"You come to park and you don't think of what could happen," said San Jose resident Jai Jackson. "You come with the idea of having a good time."
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At Willow Street Frank Branhall Park, multiple signs have been posted to alert the public about a bat that was found near the baseball field on Memorial Day. Officers with San Jose Animal Care and Services quickly responded to the park after being notified and then transferred the bat to the county health department. Officials there confirmed it was the third bat to test positive for rabies in 2018.
"Just leave the animal alone and contact our agency immediately and then we will respond," said Capt. Jay Terrado of San Jose Animal Care and Services.
Wildlife removal specialists say while it's rare to see bats in a residential area such as Willow Glen, it's not out of the ordinary.
"It could've came from an attic somewhere, or in a tree, living in a tree somewhere," Andy Pangelina, co-owner of Creature Catchers in San Jose. "Anywhere it's warm, maybe in a wall up against the sun."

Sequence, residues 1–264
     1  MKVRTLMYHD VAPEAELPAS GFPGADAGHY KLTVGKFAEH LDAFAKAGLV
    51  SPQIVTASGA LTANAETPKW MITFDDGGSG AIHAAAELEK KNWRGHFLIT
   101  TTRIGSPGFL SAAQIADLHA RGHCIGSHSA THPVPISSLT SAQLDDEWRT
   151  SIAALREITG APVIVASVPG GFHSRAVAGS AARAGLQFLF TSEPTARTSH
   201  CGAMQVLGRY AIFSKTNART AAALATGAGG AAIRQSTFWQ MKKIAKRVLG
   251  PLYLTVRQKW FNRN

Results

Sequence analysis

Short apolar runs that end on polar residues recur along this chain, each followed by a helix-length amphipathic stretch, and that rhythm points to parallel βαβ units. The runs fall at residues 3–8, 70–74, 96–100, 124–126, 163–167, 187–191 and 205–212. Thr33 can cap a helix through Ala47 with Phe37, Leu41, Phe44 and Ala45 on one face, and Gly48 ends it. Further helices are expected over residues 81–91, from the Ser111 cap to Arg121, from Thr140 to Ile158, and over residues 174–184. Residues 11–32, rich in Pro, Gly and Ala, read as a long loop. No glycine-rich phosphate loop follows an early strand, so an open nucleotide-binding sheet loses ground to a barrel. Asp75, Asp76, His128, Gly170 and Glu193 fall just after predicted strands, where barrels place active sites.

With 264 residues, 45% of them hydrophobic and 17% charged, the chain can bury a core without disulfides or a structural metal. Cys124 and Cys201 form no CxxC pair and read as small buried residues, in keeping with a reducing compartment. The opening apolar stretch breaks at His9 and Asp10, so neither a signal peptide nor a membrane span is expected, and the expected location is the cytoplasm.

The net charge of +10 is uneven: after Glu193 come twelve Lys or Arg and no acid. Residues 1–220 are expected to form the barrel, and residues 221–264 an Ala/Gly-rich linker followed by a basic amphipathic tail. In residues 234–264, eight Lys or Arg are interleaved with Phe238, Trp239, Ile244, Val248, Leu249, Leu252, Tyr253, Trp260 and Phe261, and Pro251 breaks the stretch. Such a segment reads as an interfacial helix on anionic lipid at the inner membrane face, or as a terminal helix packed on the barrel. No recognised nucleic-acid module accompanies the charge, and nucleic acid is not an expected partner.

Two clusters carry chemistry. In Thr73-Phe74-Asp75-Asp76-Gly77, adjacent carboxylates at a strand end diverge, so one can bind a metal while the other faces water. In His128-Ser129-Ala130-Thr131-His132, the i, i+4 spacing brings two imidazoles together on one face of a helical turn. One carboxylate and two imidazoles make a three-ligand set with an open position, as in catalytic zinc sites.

Infected animals can spread the virus by biting others. In rare cases, it can also be spread if infected saliva gets into an open wound or the mucous membranes, such as the mouth or eyes. The virus can be fatal for humans and pets.
"I'm shocked. A little frightened cause I have a pet, and she does really well off-leash," said San Jose resident Wendy Gonzalez.
For now, park visitors such as Jackson remain on guard.
"What's to say that there isn't another infected animal, squirrel or other animals that are running around the park, that could easily come into contact with my kid, or myself, or someone else?" said Jackson.
In 2017, a total of five bats tested positive for rabies in Santa Clara County.
County health confirms the bat was sent there for testing. Rabies virus can be fatal for human and pets. Call Animal Control w/ concerns. pic.twitter.com/wOqjeVQv8h— Chris Nguyen ABC7 (@ChrisNguyenTV) June 1, 2018